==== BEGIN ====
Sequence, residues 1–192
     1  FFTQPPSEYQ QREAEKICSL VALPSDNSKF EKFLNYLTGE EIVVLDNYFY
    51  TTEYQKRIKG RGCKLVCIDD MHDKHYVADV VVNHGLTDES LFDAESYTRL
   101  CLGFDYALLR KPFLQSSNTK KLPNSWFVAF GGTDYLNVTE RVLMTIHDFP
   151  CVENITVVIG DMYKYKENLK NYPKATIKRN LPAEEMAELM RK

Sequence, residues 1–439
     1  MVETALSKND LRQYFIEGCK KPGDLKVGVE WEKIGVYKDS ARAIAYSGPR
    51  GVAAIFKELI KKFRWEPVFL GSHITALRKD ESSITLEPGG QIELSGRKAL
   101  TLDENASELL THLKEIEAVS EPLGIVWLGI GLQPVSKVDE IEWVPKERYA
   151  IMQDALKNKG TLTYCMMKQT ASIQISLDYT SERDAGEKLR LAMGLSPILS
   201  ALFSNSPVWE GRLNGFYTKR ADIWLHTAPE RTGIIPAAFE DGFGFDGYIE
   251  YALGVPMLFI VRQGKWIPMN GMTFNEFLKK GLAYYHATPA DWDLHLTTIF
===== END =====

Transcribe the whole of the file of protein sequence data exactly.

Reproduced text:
Sequence, residues 1–192
     1  FFTQPPSEYQ QREAEKICSL VALPSDNSKF EKFLNYLTGE EIVVLDNYFY
    51  TTEYQKRIKG RGCKLVCIDD MHDKHYVADV VVNHGLTDES LFDAESYTRL
   101  CLGFDYALLR KPFLQSSNTK KLPNSWFVAF GGTDYLNVTE RVLMTIHDFP
   151  CVENITVVIG DMYKYKENLK NYPKATIKRN LPAEEMAELM RK

Sequence, residues 1–439
     1  MVETALSKND LRQYFIEGCK KPGDLKVGVE WEKIGVYKDS ARAIAYSGPR
    51  GVAAIFKELI KKFRWEPVFL GSHITALRKD ESSITLEPGG QIELSGRKAL
   101  TLDENASELL THLKEIEAVS EPLGIVWLGI GLQPVSKVDE IEWVPKERYA
   151  IMQDALKNKG TLTYCMMKQT ASIQISLDYT SERDAGEKLR LAMGLSPILS
   201  ALFSNSPVWE GRLNGFYTKR ADIWLHTAPE RTGIIPAAFE DGFGFDGYIE
   251  YALGVPMLFI VRQGKWIPMN GMTFNEFLKK GLAYYHATPA DWDLHLTTIF